The cursed decade also opens up another interesting quandary.... Chip. How old is Chip? 8? Have the servants been in suspended animation, never growing older as they sit in their cupboards? We know the beast has been aging, or the deadline to the curse is a bit of a moot point. So it is safe to assume that the whole castle is under the same curse and at some time.... Mrs Potts (who is definitely at an age where she would be post menopausal) got funky. As a Tea Pot. And gave birth to a cup. Further curiosity as to why Chip wasn't more bewildered or confused by his new human form. All he asks is if he should still sleep in the cupboards.
And finally.... just how many servants does the Beast have? Are we supposed to believe that each cup, knife and plate is a single servant. Do 5 mops maybe represent 1 cleaner? Because if each object is a servant, there must be easily 500 people in that castle. Don't believe me? Ask the dishes. Be Our Guest only deals with Kitchenware.... there is evidence of hundreds of animated objects in every corner of the cracked and dusty castle.
WHICH REMINDS ME (I know I said 'and finally' with the criticisms, but I lied - sue me). The servants have been sitting around in that castle for a decade. What have they been doing, because they've let the place fall to shit. They haven't had to sleep, or eat, or go to town.... they have no distractions. Yet, they clearly just sit about at home pretending to be furniture. Far to busy standing utterly still to do any of their servant duties. I'd be an angry beast too if I had such idle staff. I certainly wouldn't be paying them!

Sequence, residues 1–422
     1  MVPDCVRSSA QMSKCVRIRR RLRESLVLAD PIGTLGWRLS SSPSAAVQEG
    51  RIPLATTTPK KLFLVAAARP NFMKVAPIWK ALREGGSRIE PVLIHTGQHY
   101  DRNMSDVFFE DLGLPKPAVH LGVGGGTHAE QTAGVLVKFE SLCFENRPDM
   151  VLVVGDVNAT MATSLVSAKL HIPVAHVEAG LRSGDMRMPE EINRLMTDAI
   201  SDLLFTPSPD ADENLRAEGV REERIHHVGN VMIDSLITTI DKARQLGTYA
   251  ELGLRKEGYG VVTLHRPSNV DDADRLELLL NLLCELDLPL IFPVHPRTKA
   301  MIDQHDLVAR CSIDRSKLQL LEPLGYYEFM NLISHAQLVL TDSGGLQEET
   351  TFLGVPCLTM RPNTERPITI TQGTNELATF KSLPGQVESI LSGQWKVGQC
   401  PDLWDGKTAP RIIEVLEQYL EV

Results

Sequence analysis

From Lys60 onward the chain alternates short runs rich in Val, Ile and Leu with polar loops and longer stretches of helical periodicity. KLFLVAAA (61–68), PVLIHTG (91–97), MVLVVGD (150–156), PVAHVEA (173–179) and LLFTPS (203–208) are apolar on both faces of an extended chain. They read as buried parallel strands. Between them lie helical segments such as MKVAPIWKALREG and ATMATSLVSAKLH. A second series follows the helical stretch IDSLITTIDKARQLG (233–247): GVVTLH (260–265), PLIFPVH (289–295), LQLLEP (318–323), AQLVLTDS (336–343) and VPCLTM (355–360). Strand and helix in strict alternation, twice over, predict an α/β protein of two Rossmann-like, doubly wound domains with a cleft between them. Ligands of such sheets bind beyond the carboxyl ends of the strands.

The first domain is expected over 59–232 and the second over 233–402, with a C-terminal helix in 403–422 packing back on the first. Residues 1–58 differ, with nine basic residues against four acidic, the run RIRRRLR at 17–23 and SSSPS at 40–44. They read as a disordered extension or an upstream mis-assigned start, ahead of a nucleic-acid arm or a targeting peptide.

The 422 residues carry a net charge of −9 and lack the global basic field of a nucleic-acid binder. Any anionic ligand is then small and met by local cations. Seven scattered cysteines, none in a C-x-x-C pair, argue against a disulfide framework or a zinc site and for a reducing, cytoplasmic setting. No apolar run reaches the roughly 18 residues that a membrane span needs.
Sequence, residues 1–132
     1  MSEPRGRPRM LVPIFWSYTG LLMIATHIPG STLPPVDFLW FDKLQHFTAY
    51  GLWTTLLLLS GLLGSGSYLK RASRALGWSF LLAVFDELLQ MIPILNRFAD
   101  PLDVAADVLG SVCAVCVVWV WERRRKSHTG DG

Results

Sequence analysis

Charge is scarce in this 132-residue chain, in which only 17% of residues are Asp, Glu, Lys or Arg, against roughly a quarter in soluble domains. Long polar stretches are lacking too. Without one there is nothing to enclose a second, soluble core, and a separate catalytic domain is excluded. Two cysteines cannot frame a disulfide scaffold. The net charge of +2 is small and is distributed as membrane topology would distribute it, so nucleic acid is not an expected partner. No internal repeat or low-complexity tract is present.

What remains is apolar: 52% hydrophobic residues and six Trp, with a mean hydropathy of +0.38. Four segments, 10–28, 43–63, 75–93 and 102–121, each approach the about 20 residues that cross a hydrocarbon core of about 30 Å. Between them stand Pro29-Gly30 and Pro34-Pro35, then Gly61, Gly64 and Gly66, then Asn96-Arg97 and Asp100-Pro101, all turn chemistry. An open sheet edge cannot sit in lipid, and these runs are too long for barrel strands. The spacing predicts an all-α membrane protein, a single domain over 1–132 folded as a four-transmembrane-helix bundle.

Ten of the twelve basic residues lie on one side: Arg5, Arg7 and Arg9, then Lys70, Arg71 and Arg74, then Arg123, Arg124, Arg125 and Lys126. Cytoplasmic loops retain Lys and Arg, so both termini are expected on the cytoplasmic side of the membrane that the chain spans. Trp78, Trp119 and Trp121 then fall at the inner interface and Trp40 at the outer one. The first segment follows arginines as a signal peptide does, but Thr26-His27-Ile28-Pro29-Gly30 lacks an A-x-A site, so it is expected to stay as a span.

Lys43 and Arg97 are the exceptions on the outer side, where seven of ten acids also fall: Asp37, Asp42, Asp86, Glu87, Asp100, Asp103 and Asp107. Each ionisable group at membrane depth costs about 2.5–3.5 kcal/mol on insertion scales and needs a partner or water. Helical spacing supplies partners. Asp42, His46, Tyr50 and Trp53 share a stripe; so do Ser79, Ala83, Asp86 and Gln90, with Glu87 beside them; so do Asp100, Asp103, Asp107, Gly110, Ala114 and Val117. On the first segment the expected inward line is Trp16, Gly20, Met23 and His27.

It is in the 'Human Again' deleted scene that those lazy bums finally get to work and tidy the house making it look all still cursed but much prettier.
So, what do I like about the film. Because there is a lot about this film that I like.
1) The songs. I am of the firm belief that Beauty and the Beast has the best songs of any Disney film. The earlier films are too high and warbly. Even films like the Lion King which I consider to be far superior to Beauty and the Beast doesn't have the same excellent songs as Be Our Guest or anything Gaston has.
2) Gaston is just plain excellent. Brilliant. We love him (we being Elliot and I, rather than the royal we). We love his arrogance. We love his taste in interior decorating, we love his rippling hairy abs. We are not as gay as we sound.....
The Gaston song is the best song in the film... and pretty much everyone of his lines is classic gold
I'd like to thank you all for coming to my wedding. But first I'd better go in there and propose to the girl.
It's not right for a woman to read. Soon she starts getting *ideas*, and *thinking*...